The remainder of the soundtrack is composed by Takenobu Mitsuyoshi who lends a variety of styles to the soundtrack. "Temptation of Speed" is a jazzy electronica theme with a strong melody and an excellent beat. "Getting Muddi'n Bass," on the other hand, is a more rock influenced electronica theme, with some effective layering and a decent melody. I think it is definitely a more exhilarating track than "Temptation of Speed" and it shows just one of Mitsuyoshi's many styles. Along the lines of rock influenced electronica, "Iron Bullfight" is a mixture of rock and electronica, with a slightly industrial influence to it. The melody is pretty good and sounds spacey at times. "Hyper Conditioned Reflex" is a pretty intense electronica theme as well. It boasts some interesting synth soundscapes and an awesome beat. There are some subtle jazz influences as well, and there even seems to be a slight hint of danger in some of the sections. It's probably one of my favorite Mitsuyoshi themes.
Unfortunately, "Storm of Technique" is one of my least favorite themes on the soundtrack. It's a rock influenced electronica theme, but I find the melody to be some of the least engaging on the soundtrack. In its defense though, it does seem to give a mysterious nature at times, which is nice given the type of soundtrack it is. Fortunately, he makes up for it with "Wild Instinct". This rock influenced theme is definitely more exhilarating and features an excellent soundscape. The wailing electric guitar adds a lot of edge to the electronica beat, especially during the solo. It's probably one of the more catchy themes on the soundtrack as well. Lastly, "Ignition the 2nd Generation" is a nice blend of electronica, rock, and jazz. While the majority of the theme is electronica and jazzy in nature, the sections that have a clear rock influence really help to contrast nicely with the brass sections that usually follow. It's a really catchy theme with a "big band" sort of sound fused with a pretty interesting dance beat. It's definitely one of my favorites on here.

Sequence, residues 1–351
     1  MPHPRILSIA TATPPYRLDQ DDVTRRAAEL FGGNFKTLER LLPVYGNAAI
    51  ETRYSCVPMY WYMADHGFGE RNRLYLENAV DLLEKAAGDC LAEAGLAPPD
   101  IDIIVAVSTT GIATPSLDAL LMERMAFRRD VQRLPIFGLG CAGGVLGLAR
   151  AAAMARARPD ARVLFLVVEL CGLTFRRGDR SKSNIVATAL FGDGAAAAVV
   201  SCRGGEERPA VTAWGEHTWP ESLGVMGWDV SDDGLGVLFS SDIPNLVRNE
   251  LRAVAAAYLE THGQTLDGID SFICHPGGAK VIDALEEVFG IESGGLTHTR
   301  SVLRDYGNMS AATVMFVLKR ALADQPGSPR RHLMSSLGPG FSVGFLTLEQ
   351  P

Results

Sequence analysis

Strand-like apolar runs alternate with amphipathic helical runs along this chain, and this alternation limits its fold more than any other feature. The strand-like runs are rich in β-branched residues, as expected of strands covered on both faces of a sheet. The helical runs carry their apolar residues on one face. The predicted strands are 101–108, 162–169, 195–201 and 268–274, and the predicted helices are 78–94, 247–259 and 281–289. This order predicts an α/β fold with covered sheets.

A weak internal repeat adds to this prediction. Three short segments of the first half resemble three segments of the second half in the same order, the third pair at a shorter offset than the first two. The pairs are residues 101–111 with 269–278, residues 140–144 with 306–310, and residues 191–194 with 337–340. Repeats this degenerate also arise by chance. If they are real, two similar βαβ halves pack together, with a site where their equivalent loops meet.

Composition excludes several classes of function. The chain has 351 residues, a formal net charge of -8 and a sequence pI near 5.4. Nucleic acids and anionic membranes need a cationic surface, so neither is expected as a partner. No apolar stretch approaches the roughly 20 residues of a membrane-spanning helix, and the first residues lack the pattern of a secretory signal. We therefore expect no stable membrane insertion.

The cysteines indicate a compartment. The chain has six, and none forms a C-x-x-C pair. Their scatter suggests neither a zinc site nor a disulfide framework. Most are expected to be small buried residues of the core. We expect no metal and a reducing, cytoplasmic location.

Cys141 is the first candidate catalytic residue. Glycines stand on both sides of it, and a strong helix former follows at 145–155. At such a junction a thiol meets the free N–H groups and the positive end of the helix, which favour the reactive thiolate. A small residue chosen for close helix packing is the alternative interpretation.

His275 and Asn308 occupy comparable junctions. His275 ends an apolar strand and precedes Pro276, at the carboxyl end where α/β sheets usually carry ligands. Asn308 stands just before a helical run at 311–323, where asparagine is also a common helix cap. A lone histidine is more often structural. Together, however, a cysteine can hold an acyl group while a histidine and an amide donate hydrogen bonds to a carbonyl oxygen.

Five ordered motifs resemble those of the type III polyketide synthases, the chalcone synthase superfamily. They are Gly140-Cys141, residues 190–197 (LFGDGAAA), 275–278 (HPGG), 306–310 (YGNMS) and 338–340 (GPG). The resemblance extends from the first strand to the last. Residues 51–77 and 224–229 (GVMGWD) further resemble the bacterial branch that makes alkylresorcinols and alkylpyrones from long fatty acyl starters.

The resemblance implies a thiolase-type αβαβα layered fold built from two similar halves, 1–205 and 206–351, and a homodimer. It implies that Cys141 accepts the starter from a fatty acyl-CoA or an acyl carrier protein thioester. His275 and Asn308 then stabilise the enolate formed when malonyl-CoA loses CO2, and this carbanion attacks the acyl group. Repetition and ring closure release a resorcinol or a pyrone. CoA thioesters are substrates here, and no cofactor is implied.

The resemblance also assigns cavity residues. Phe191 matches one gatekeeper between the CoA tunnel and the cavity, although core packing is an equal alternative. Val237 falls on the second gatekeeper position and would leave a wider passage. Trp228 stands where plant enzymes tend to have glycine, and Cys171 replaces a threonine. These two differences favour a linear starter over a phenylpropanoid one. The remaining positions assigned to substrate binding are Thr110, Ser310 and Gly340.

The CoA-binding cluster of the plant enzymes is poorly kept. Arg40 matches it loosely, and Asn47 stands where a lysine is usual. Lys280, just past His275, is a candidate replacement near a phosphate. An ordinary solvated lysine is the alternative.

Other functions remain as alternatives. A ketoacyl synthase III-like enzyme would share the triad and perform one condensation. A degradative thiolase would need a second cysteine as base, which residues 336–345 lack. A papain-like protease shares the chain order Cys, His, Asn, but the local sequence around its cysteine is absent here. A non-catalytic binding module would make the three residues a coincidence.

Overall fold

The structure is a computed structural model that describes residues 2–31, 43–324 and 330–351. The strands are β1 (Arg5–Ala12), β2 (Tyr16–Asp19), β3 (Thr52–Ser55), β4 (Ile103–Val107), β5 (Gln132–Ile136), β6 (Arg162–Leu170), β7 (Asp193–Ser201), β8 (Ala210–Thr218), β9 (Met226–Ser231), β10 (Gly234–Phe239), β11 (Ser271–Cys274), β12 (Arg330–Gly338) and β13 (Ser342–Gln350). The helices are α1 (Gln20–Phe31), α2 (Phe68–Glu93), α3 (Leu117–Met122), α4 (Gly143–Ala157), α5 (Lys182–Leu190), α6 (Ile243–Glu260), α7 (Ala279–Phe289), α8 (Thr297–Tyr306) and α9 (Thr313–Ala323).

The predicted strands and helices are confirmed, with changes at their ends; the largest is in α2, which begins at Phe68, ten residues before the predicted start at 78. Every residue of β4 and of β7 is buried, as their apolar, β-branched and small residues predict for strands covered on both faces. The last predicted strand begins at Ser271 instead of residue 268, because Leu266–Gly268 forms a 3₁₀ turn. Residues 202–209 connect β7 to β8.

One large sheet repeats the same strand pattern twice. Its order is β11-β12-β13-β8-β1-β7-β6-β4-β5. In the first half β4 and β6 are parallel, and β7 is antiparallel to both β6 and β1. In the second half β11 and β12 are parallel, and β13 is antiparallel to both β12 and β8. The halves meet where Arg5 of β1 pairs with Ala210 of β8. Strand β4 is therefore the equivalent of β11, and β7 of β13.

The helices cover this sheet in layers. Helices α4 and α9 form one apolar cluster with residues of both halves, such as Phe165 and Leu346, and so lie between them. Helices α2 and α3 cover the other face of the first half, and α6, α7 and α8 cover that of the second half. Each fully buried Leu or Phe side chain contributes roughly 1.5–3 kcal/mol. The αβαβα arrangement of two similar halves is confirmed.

The overall sound for this album is a mixture between rock and electronica. In addition, I think the collaborative effort works well in giving it a more unique sound than a game composed by a single person. In the end, this is a pretty good album, with lots of exhilarating tracks that get your blood pumping. It's also a great album to listen to while your driving, but just be careful. You are on a highway, not a raceway, and I'd hate for you to get a ticket. Pick this up for sure. It's definitely worth it.
Takenobu Mitsuyoshi: 1, 4, 10, 17, 21, 23, 28, 30~37
Hideki Nagamuma: 2
jun senoue: 3, 8, 16, 27
Hiro: 5, 14, 19, 24
Kentaro Koyama: 6, 15, 18
Takeshi Isozaki (磯崎 剛): 7, 20, 26
Junko Shiratsu: 9
Tomoya Ohtani: 11
Mitsuharu Fukuyama: 12
Richard Jacques: 13, 22
Naofumi Hataya: 25
Tomonori Sawada: 29
"TurboTech" and "Hand-Breaks" Music composed and produced by Richard Jacques
jun senoue uses ESP guitars, Jim Dunlop picks and Line 6 products
Wild instinct Remix
BREAK THE EMOTION
Temptation of Speed
Verges on the edge
BLAST FROM THE DESERT
La nuit de ma ville
Getting Muddi'n Bass
BEAT OF MY HEART
Mad dog's bite
Hyper Conditioned Reflex
Storm of Technique
Ignition the 2nd Generation
Moment When Last Time Stops
Lose a Race
Waltz of Victory
Moment When Time Stops